US National Security Adviser Jake Sullivan has asked China to set aside its issues with India and play a “constructive role” in the upcoming G20 summit.

Mr Sullivan said it was up to China if it “wanted to play the role of a spoiler” instead.

His remarks come after China confirmed that its leader, Xi Jinping, would not attend the meeting.

India will host the summit in the capital Delhi on 9 and 10 September.

Neither India nor China has given specific reasons behind Mr Xi’s absence. China has said Premier Li Qiang will lead its delegation at the summit instead.

India and China have a frosty relationship and tensions between the two countries have worsened since 2020, when their troops were involved in a deadly clash at the Galwan valley in Ladakh.

The source of the tension between the neighbours is a disputed 3,440km (2,100 mile)-long de facto border along the Himalayas – which is poorly demarcated and soldiers on either side come face to face at many points.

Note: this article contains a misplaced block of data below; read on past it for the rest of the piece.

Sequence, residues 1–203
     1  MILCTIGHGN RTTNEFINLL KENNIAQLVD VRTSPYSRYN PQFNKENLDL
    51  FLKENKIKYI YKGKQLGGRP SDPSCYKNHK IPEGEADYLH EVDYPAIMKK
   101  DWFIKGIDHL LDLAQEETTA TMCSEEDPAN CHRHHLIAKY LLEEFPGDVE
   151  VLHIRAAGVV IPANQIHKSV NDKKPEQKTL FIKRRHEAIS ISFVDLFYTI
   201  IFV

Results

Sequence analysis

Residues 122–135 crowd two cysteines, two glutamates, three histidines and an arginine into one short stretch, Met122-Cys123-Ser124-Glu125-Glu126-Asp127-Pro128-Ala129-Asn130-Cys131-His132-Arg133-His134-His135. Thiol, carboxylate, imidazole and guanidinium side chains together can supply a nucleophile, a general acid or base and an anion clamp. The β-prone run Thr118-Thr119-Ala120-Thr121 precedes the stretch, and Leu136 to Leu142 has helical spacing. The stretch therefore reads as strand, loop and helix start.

Last week, the two countries got into a diplomatic row over an “official map” released by China, which India said laid claim to its territory. Beijing responded by saying that Delhi should refrain from “over-interpreting” the issue.

 Asked by a reporter at a press briefing if tensions between India and China would overshadow the summit, Mr Sullivan said that that was “up to China”. “If China wants to come in and play the role of spoiler, of course, that option is available to them,” he said.

But he added that the summit’s chair – India – the US and “every other member” of the G20 would encourage China to “come in in a constructive way on climate, on multilateral development bank reform, on debt relief, on technology, and set aside the geopolitical questions and really focus on problem-solving and delivering for the developing countries”.

The G20 – or Group of Twenty – is a club of countries which meets to discuss plans for the global economy.

Between them, G20 countries account for 85% of the world’s economic output and 75% of world trade. They contain two-thirds of the global population.